Sarrats, a leading Catalan writer and comedian, believes that “a meme is nothing without its context”. Faced with Dawkins’ definition, he opts for Albert Lloreta’s: “the meme is the dust of the Internet.” In cyberspace, everything is very fast and leaves dust. To identify where it comes from, you need something.

The memes that require little context or little mastery of cyber news are over, in his opinion, blaming boomers: “They have few layers of irony, they are very easy to decipher”. But the memesphere is curious: “The ones that may seem more absurd without context are the ones that make us more funny when we master the context”.

Samantha Hudson, a well-known singer, celebrity and LGTB activist, is a fan of the opposite: “from my point of view, the more random and decontextualized, the better!”.

They are almost a rhetorical figure, a new literary genre, the popular proverb of today’s youth. (Hudson)

According to Calvo, “They create a counter-narrative to official or traditional media discourses” and “they have a very important function of social connection, catharsis and evasion”. For this reason, in the face of global crises, tragedies, attacks or major events such as elections, the networks are flooded with memes. He believes that “memes are only the vehicle we choose to express ourselves on the Internet.”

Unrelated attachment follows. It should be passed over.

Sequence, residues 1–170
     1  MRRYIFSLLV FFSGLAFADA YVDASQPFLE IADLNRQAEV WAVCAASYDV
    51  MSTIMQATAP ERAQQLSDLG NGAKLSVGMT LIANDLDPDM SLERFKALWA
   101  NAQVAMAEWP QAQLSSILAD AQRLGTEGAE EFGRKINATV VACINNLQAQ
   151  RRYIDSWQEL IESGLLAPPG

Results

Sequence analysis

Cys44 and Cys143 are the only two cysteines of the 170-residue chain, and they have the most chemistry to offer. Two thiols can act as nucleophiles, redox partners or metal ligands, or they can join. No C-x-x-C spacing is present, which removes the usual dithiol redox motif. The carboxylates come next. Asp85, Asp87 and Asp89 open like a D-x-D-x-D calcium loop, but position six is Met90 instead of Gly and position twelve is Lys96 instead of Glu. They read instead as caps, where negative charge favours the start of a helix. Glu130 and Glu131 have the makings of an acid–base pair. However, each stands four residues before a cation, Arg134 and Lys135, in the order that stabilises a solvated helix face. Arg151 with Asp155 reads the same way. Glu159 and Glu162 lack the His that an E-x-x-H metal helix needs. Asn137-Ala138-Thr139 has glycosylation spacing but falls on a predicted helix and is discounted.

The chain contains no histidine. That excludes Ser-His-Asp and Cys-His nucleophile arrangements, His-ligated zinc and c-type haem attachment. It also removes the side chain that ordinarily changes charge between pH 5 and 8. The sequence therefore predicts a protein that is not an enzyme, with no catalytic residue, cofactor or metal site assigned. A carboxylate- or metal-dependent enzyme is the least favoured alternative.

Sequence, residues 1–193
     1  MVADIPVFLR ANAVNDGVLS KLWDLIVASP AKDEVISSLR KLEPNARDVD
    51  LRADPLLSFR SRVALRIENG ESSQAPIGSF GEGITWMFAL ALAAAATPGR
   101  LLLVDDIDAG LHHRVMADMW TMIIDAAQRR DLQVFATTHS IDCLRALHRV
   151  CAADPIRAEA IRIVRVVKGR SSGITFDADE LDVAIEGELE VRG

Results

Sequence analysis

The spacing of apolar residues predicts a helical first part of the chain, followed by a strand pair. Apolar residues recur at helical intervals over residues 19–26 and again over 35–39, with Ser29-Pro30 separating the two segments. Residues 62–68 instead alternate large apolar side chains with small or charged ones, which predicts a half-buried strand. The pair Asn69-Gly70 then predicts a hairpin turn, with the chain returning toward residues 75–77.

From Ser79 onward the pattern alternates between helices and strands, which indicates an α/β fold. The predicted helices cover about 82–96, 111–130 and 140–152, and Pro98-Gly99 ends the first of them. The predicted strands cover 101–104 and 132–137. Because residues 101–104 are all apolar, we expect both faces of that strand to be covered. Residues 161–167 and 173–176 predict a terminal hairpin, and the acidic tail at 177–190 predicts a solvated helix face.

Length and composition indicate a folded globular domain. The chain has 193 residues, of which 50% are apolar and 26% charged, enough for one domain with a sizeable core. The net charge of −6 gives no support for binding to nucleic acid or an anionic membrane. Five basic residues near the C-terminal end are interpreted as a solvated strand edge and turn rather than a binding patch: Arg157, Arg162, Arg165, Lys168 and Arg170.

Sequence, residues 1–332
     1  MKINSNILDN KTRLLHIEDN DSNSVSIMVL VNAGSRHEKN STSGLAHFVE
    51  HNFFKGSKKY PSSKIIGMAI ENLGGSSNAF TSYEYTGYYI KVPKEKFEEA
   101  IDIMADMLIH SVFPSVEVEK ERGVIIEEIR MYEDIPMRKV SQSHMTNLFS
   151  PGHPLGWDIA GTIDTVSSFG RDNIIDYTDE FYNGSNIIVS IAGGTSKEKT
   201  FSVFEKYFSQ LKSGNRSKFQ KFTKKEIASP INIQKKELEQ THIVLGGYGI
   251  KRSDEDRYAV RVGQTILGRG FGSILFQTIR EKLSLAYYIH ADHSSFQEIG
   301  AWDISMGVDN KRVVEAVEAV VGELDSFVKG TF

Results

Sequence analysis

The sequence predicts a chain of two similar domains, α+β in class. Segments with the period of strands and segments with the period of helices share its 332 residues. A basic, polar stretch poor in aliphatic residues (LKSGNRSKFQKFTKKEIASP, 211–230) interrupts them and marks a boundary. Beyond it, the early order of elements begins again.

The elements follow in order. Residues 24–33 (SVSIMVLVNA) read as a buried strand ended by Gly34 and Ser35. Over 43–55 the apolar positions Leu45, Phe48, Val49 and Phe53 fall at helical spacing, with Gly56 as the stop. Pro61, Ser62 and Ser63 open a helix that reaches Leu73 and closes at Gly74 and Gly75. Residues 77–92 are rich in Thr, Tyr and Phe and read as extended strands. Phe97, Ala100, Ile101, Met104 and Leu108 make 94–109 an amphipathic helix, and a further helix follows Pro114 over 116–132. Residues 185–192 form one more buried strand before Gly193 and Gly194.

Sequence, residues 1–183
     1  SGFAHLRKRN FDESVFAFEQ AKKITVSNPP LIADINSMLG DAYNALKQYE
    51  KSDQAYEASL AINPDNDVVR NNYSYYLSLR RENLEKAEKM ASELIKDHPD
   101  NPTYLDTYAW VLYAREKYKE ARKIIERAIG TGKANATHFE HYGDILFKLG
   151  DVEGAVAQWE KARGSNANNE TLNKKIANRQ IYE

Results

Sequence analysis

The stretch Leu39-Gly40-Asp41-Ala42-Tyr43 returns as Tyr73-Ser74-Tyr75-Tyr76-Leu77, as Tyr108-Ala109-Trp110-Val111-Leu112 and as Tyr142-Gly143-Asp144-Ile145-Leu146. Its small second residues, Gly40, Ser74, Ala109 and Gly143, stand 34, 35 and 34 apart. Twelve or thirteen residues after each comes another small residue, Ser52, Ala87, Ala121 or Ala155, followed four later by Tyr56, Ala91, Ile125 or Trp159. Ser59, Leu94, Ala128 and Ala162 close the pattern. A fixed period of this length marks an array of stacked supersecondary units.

People need to confront these speeches through jokes, as an escape route from information saturation. (Bald)

They tackle “whatever they set their mind to,” says Hudson. “They express it between many layers of irony,” adds Sarrats. And Calvo continues: “they can transport any idea, from the most progressive to the most conservative and ultra-liberal, from the most absurd to the most rigorous and serious.” It continues: there are memes of any subject, specialized accounts “about fatigue, discouragement or anxiety experienced by generations Z and millenial”Or far-right accounts and deniers.

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The memes … Young thing? Concrete ideology?

“Who doesn’t get excited when they receive a ‘good morning’ meme in the family WhatsApp group?” Asks Calvo. Although he points out the advantage of digital natives at this point, he does not think it is exclusive.

Y Samantha Hudson coincide: “meme language is very “heritage” of the new generations, but there is also meme culture in previous generations ”. Cite, for example, the funny little signs with minions that her mother posts on Facebook. Definitely, “your grandmother can send you a meme “, says Sarrats. ‘The stamps’ (that’s what her partner’s grandmother calls them) have been leaked, in her opinion, to all generations.